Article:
November 16, 2020
Photography by Tony Reddrop
Interview by Melanie Meggs
Life is full of unexpected turns, and for Tony Reddrop, that turn came in his late thirties. Tony had been working for years, and as he grew a little bit older and wiser, he decided to take a leap of faith. He left his job and embraced his newfound passion for photography. It was a blessing in disguise, and it has led Tony to great success and recognition.
Tony's work has been featured in Australia, New Zealand and internationally in all types of media forms. His bodies of work are held in several institutions in Australia, and it has attracted the attention of many. His series of images CROSSINGS reflect the people of a small semi-rural town in New Zealand he lives in, and the light and shadow of his images tell a story of mystery and anonymity.
The journey of Tony Reddrop is inspiring and will surely leave an impression. What he has been able to capture through his lens is truly remarkable and unique. From the hustle and bustle of a big city to the quietness of a small rural town, Tony Reddrop continues to share his story through his beautifully composed images.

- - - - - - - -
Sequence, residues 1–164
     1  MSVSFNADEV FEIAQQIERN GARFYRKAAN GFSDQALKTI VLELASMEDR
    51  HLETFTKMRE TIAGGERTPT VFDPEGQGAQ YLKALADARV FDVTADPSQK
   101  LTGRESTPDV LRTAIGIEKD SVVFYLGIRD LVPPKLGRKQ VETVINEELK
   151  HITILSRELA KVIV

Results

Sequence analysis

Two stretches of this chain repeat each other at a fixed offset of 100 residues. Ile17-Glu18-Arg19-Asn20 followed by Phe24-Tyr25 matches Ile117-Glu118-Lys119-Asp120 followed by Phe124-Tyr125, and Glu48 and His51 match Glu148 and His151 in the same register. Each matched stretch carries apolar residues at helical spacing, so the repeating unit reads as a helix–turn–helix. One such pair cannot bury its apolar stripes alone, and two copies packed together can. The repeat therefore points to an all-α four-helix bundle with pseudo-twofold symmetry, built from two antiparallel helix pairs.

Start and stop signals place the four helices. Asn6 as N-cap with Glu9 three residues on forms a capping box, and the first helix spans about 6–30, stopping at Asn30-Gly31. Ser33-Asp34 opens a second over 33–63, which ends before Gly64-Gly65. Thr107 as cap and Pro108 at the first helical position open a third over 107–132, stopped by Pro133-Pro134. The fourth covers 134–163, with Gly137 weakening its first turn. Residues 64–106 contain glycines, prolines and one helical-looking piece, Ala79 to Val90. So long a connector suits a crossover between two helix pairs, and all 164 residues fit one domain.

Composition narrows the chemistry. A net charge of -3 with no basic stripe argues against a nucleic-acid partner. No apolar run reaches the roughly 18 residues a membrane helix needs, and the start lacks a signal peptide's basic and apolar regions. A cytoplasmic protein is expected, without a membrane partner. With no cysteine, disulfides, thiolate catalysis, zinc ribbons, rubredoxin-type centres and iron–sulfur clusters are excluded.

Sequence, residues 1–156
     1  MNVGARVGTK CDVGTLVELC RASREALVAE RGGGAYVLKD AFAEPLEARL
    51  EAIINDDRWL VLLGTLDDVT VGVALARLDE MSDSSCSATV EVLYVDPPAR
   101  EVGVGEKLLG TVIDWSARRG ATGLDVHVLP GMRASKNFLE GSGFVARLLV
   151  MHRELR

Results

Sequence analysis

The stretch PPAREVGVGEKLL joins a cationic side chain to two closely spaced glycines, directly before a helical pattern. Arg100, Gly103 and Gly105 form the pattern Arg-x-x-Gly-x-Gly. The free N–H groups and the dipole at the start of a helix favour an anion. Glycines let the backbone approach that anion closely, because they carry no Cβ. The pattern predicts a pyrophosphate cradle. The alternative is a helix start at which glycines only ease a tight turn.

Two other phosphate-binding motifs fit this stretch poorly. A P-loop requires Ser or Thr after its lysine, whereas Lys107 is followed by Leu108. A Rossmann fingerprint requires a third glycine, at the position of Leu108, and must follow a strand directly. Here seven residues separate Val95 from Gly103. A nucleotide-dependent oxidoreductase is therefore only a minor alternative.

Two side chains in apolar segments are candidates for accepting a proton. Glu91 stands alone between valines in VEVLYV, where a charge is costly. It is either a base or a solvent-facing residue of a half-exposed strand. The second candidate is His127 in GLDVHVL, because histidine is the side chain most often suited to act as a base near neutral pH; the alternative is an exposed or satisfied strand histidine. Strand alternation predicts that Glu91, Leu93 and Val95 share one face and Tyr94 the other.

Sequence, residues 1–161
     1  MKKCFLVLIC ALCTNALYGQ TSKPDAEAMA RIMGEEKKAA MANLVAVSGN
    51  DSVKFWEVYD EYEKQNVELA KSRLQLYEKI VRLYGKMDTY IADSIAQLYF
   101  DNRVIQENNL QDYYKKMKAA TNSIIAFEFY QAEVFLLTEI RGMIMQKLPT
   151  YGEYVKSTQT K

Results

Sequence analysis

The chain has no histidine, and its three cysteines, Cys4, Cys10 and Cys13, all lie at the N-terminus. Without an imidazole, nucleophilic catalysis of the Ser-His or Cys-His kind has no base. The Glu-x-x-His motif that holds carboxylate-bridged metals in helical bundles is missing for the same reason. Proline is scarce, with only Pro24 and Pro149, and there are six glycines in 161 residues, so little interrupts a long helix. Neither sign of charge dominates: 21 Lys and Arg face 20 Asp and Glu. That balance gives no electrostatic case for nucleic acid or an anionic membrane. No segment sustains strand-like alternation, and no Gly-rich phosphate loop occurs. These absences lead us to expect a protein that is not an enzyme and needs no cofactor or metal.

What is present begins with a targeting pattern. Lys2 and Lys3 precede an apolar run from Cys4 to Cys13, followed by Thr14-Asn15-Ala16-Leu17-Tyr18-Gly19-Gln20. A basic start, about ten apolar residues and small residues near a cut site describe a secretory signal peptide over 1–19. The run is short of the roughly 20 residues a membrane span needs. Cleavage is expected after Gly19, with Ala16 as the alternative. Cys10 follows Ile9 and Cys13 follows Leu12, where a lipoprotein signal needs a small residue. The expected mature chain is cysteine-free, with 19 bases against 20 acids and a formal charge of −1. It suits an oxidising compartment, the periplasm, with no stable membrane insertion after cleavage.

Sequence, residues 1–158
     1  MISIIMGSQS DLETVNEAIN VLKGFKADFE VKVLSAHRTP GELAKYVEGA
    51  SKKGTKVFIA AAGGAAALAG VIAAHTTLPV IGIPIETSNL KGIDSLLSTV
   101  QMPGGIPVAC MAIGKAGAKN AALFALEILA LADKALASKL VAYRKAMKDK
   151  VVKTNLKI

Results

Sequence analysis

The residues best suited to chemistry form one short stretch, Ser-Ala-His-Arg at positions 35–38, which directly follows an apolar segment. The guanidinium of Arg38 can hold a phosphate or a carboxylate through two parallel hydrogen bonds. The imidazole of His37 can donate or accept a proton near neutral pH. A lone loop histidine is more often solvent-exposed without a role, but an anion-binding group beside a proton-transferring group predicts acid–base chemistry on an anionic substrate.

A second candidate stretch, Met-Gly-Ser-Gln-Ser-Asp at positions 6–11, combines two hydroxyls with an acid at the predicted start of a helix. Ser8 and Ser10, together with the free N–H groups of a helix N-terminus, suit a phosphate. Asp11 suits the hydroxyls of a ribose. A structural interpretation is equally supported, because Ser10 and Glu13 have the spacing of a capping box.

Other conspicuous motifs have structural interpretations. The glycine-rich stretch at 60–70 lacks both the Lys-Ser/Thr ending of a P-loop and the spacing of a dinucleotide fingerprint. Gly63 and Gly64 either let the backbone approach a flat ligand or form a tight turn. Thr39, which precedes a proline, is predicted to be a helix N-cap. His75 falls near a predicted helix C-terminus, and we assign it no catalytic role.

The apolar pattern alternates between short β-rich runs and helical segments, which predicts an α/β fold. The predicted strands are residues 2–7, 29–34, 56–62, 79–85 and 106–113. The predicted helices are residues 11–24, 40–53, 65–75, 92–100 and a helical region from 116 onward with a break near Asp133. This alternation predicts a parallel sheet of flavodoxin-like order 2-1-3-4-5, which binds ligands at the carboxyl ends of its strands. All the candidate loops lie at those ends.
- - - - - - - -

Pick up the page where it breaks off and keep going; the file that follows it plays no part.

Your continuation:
“I kept observing people walking across certain crossings in town at different times of the day when the light was really mellow (glowing) and noticed many people were wearing really great colours, that blended with the crossings and the backgrounds. The way I shoot a lot of the time, under exposed and not fully showing the person, worked really well, so I kept going back to the different locations, which when you live in a small town of 90,000 people, is not a lot.